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Clinical Response to Clozapine in Patients With Schizophrenia

David Pickar, MD; Robert E. Litman, MD; Walter W. Hong, MD; Tom P. Su, MD; Ellen M. Weissman, MD; John K. Hsiao, MD; William Z. Potter, MD, PhD
Arch Gen Psychiatry. 1994;51(2):159-160. doi:10.1001/archpsyc.1994.03950020083008.
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One of the take-home messages from our recent report regarding the clinical and biological effects of the atypical neuroleptic, clozapine, was that the admixture of clozapine's effects on dopaminergic, serotonergic, and noradrenergic systems may underlie its unique efficacy in otherwise poorly responsive patients with schizophrenia.1 We agree with a suggestion by R. W. Pies, MD, (unpublished communication to the Archives, May 1992) that clozapine's diverse pharmacologic properties indicate strategies for augmentation of neuroleptic drugs in treatment-resistant patients and that thioridazine or mesoridazine besylate may be particularly useful, given their relatively low incidence of extrapyramidal side effects.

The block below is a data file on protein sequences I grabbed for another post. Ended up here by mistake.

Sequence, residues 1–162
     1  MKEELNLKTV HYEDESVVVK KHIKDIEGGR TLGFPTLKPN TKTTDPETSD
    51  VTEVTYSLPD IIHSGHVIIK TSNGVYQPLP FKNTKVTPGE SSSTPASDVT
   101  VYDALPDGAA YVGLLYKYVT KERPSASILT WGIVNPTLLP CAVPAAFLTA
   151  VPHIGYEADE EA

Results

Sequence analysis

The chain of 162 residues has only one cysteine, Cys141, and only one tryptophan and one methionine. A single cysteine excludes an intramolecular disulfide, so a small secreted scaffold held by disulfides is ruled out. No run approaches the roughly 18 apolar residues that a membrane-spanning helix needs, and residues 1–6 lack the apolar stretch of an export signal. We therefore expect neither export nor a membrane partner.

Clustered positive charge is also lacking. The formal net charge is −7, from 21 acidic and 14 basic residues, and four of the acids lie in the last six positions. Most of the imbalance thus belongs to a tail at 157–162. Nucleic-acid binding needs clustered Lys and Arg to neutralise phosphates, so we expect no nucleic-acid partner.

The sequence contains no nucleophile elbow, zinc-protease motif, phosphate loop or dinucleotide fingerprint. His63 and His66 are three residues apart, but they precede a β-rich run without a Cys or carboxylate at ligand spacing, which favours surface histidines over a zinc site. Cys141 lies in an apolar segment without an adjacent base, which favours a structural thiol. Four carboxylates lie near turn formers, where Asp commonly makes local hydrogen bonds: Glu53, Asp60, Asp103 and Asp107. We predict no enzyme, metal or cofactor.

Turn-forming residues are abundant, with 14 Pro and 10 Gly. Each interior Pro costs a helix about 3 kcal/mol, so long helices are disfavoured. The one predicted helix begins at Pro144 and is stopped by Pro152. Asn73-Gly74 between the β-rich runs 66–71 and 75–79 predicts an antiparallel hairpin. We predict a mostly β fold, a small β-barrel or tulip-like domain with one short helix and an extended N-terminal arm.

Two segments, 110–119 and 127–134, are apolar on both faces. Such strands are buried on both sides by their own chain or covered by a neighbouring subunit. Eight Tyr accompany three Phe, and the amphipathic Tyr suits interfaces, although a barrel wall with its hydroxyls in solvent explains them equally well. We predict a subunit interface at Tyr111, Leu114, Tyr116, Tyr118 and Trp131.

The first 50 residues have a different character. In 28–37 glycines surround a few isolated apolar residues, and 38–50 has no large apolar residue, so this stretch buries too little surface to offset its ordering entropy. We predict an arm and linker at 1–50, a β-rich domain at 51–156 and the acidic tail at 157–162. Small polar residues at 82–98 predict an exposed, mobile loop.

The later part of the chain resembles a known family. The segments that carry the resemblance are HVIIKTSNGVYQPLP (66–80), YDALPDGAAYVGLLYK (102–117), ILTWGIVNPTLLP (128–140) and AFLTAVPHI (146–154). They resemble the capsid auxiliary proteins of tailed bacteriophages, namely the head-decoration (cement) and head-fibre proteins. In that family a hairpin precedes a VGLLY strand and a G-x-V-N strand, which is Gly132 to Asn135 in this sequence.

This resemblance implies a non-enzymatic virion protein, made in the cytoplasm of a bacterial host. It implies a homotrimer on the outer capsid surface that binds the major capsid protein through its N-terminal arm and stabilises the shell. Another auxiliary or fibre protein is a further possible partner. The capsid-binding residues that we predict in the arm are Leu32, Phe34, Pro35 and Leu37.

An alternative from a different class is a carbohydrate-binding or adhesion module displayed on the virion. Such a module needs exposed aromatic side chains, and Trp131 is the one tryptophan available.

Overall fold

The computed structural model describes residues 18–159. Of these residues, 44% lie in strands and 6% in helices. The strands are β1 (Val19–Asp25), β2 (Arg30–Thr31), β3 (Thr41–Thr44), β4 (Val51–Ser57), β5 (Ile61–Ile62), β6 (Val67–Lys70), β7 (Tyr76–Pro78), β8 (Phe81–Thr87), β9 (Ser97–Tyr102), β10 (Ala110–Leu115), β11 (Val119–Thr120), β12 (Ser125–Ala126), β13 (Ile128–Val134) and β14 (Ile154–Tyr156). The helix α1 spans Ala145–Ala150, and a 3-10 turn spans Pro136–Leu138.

Whereas much attention has been given to the 5-hydroxytryptamine2 (5-HT2) antagonism of clozapine, including the ratio of 5-HT2 to D2 affinities as a predictor of neuroleptic atypicality,2 we have noted that clozapine's relatively potent α2-antagonism (putatively contributing to observed increases in norepinephrine turnover) is distinct among


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